Wat Tyler, as one who was impatient of ‘all the oppressions that are done under the sun.’ The subject was injudiciously chosen, and it was treated as might be expected by a youth of twenty, in such times, who regarded only one side of the question. There is no other misrepresentation. The sentiments of the historical characters are correctly stated. Were I now to dramatize the same story, there would be much to add, but little to alter. I should not express these sentiments less strongly, but I should oppose to them more enlarged views of the nature of man and the progress of society. I should set forth with equal force the oppressions of the feudal system, the excesses of the insurgents, and the treachery of the Government; and hold up the errors and crimes which were then committed as a warning for this and for future ages. I should write as a man, not as a stripling; with the same heart and the same desires, but with a ripened understanding and competent stores of knowledge.

“It is a fair and legitimate inference, that no person would have selected this subject, and treated it in such a manner at such a time, unless he had in a certain degree partaken of the sentiments which are expressed in it: in what degree he partook them is a question which it requires more temper as well as more discretion to resolve than you, Sir, have given any proof of possessing. This can only be ascertained by comparing the piece with other works of the same author, written about the same time
or shortly afterwards, and under the influence of the same political opinions; by such a comparison it might be discerned what arose from his own feelings, and what from the nature of dramatic composition. But to select passages from a dramatic poem, and ascribe the whole force of the sentiments to the writer as if he himself held them, without the slightest qualification, is a mode of criticism manifestly absurd and unjust. Whether it proceeded in this instance from excess of malice, or deficiency of judgment, is a point which they who are best acquainted with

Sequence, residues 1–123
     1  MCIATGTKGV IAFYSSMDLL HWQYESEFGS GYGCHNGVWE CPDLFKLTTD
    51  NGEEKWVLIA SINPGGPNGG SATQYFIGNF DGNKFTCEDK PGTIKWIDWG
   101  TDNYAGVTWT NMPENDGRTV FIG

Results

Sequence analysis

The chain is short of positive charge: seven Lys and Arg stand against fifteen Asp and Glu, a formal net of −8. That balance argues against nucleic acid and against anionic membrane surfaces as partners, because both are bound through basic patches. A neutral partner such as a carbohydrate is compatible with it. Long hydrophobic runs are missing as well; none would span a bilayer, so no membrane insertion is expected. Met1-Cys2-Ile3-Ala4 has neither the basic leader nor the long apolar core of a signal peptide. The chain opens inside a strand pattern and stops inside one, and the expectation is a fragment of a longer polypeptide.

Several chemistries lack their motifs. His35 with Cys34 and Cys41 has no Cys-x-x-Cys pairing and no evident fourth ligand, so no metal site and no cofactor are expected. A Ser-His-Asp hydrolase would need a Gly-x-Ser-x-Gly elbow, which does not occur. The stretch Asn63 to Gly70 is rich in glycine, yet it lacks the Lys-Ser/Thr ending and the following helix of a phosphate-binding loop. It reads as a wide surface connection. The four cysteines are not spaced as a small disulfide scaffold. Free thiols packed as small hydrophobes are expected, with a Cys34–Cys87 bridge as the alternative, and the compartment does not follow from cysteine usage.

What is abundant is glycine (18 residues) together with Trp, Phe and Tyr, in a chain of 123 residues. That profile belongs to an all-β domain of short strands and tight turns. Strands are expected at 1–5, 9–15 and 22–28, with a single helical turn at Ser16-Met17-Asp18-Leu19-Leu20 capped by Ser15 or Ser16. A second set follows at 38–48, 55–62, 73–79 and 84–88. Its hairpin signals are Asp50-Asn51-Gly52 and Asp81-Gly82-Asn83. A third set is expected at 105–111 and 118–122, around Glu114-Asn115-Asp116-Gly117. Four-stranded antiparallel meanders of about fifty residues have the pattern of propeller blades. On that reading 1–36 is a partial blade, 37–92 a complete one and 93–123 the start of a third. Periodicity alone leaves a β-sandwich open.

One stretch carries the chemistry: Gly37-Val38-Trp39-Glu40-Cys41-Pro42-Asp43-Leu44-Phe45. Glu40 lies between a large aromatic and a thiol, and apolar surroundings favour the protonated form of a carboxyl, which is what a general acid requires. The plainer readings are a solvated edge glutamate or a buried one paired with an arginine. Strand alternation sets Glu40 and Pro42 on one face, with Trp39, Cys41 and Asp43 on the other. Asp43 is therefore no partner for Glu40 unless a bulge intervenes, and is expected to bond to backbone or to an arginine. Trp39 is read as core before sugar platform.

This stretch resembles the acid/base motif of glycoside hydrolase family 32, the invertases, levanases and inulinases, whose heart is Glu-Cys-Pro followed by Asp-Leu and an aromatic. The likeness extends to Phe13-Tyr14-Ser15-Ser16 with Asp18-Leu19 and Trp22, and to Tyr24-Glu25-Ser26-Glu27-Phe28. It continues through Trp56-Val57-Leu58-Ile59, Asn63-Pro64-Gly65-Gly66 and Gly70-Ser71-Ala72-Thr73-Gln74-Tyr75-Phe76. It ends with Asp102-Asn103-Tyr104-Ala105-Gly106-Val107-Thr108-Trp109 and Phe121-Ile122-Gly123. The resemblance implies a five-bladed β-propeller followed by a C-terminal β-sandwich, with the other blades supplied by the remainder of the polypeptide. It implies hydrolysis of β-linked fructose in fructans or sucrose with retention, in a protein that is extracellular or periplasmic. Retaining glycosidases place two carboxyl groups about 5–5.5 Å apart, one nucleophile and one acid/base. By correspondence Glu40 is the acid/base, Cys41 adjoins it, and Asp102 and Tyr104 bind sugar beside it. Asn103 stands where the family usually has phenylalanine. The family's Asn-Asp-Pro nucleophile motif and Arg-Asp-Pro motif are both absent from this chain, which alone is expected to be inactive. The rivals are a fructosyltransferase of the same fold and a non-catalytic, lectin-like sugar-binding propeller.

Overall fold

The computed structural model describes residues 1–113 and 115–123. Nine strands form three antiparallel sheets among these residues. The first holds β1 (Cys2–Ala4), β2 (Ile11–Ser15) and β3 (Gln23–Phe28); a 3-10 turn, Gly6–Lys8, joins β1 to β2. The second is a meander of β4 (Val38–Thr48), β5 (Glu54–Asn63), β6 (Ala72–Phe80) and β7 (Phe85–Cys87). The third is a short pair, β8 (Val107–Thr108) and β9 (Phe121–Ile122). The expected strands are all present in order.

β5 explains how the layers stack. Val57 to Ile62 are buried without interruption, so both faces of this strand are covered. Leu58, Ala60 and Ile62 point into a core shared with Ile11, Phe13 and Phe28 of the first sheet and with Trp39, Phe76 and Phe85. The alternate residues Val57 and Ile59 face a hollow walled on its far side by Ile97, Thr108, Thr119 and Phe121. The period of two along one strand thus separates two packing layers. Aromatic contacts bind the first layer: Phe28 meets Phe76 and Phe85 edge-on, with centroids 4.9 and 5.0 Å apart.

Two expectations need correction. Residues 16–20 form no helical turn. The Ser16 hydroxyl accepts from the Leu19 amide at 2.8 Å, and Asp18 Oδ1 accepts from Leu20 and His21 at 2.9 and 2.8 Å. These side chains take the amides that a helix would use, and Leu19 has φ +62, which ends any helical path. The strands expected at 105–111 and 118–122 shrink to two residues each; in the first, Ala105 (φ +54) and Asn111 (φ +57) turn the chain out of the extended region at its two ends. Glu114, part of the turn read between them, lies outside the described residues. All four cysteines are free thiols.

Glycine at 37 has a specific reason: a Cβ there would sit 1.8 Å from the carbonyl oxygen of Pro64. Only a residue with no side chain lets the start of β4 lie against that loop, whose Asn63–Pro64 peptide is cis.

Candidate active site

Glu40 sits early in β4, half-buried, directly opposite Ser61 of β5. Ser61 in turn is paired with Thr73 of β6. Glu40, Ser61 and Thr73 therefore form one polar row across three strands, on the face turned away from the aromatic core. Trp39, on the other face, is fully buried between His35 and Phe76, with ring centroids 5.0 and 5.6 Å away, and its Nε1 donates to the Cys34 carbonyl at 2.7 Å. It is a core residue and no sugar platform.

Mr. William Smith may be able to determine.

“It so happens that sufficient specimens of Mr. Southey’s way of thinking in his youth are before the world, without breaking open escritoires, or stealing any more of his juvenile papers which he may have neglected to burn. The poem to which, with all its faults, he is indebted for his first favourable notice from the public, may possibly have been honoured with a place in Mr. William Smith’s library, as it received the approbation of all the dissenting journals of the day. It is possible that their recommendation may have induced him to favour Joan of Arc with a perusal, and not improbably, in a mood which would indulge its manifold demerits in style and structure, for the sake of its liberal opinions. Perhaps, too, he may have condescended to notice the minor poems of the same author, sanctioned as some of these also were at their first appearance by the same critical authorities. In these productions he may have seen expressed an enthusiastic love of liberty, a detestation of tyranny wherever it exists and in whatever form, an ardent abhorrence of all wicked ambition, and a sympathy not less ardent with those who were engaged in war for the defence of their country, and in a righteous cause,—feelings just as well as generous in themselves. He might have perceived also frequent indications, that in the opinion of the youthful